Paperless vs paper systems
We live and work in a digital world and every clinic owner is inundated with finding another solution to streamline work and take things “to the cloud.” Going paperless has its advantages, but there are still risks as to what to keep in digital space and what to relegate to hard copies. After working in ten different types of clinics in three provinces and one territory since 2007, I have observed not one clinic has fully, and whole-heartedly converted to a paperless system.  We still need some access to paper ‘just in case’. 

Keeping everything stored digitally is cheaper than printing and subsequent storage. Paperless systems eliminate cost and time for shredding services.  When storing information digitally, accessibility becomes quick and easy. Clinic owners, practitioners, and patients can have access to all data, contracts, and patient files onsite and remotely with a few mouse clicks. This eliminates having to locate a paper file or form, which saves everyone time. Further, there is greater flexibility in meeting with patients in the office or through tele/virtual health.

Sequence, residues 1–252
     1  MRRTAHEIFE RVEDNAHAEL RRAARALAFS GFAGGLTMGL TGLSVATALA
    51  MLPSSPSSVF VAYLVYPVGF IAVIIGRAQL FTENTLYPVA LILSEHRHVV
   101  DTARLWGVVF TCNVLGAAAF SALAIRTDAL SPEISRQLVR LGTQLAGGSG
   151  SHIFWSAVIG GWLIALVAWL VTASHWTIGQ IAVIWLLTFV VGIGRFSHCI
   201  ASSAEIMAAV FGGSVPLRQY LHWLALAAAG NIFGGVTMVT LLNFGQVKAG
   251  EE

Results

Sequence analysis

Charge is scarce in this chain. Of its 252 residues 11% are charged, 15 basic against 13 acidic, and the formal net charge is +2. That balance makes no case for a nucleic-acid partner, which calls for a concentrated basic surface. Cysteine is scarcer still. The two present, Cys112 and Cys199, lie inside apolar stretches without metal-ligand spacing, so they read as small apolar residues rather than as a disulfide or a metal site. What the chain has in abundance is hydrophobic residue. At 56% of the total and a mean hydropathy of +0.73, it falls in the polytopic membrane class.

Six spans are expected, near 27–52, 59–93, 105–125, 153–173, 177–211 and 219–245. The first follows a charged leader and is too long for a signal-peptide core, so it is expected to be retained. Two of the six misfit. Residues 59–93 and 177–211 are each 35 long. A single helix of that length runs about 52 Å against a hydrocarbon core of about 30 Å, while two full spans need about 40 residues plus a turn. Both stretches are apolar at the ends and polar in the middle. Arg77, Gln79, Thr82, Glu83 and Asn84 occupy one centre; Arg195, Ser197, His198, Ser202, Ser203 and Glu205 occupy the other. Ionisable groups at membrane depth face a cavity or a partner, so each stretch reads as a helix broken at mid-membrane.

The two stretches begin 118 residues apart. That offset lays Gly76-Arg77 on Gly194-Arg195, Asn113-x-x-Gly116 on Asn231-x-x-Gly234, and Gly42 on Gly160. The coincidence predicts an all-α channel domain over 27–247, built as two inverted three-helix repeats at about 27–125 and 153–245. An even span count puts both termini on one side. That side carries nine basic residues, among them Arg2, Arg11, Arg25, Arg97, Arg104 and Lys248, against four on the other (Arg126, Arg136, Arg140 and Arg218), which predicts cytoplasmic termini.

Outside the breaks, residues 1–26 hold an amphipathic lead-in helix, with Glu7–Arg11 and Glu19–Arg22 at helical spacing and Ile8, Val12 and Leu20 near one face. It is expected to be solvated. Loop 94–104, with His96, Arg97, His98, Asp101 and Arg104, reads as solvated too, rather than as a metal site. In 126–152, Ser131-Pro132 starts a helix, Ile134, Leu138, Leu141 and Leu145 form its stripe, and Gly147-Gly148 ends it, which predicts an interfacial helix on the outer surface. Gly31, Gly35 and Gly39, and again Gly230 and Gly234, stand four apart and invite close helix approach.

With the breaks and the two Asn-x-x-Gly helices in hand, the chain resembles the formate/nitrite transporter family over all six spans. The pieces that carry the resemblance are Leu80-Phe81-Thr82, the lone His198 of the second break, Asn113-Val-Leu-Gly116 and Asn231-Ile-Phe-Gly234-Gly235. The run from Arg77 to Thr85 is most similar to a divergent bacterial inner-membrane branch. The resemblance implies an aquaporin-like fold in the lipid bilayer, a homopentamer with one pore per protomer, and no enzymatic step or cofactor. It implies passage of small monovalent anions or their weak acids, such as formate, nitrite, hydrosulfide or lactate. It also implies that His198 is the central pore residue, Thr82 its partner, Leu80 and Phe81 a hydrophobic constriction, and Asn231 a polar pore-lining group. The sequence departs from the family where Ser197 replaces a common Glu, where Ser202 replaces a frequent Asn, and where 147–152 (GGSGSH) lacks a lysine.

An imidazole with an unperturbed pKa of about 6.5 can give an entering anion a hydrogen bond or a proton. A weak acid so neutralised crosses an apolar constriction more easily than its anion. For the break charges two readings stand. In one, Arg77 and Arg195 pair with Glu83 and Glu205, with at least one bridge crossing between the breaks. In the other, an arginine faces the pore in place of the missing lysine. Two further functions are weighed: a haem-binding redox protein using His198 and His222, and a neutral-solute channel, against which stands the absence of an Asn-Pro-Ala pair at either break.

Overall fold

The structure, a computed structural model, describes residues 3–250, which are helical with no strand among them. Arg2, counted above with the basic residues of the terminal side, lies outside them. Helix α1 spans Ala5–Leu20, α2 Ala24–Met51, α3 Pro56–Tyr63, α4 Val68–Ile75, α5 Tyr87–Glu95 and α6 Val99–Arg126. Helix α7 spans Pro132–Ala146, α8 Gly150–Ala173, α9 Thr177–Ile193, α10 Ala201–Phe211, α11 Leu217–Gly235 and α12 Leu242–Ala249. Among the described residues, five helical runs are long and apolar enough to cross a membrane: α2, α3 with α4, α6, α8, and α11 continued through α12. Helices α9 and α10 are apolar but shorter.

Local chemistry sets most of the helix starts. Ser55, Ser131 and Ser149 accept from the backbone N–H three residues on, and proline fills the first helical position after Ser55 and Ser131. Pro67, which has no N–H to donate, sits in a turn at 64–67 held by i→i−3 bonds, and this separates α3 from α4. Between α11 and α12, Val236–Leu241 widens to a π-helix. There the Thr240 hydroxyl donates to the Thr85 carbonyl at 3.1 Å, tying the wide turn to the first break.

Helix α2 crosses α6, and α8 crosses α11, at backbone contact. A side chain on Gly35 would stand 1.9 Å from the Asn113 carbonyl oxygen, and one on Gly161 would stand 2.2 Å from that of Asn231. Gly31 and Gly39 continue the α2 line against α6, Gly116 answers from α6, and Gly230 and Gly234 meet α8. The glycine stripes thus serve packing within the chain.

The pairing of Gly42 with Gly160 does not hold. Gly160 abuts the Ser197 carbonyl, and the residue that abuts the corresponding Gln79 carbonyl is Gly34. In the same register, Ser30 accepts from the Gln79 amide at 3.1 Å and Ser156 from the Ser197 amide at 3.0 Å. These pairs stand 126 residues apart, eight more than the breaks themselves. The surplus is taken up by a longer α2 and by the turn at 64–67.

On the downside, clinic owners often get too busy to update software and virus protections, making it easier for hackers to install spyware, steal information or hijack clinical data.  When digitally stored, a system could crash, and all information may become lost. A contingency plan, in the event of a failure in digital information accessibility, is called for. 

Unfortunately, we live and work in a world where some patients like to have a copy of their receipt and do not want to print out their transactions later. I am one of them. As a consumer, health receipts for my own personal records are important, often for tax purposes. Plus, some practitioners like to write their interview and assessment notes before converting into digital copy. Again, I am one of those as well.  Laminating most common used forms and using a non-permanent black pen to write notes, collect signatures, and scan the forms into the computer saves paper and helps practitioners, like myself, improve penmanship skills.  

Despite all modern technology, there are still clinics using traditional-based filing systems, which require considerable space, equipment, and maintenance. When initially employed as an associate at Cowichan Chiropractic in January 2019, I was re-introduced to a paper system. A year later, the clinic converted to a paperless system with options to print receipts for patients and laminate clinical forms for practitioners. Going paperless helped our chiropractic office save space and money, boost productivity and kept information more secure while also making it easier to share.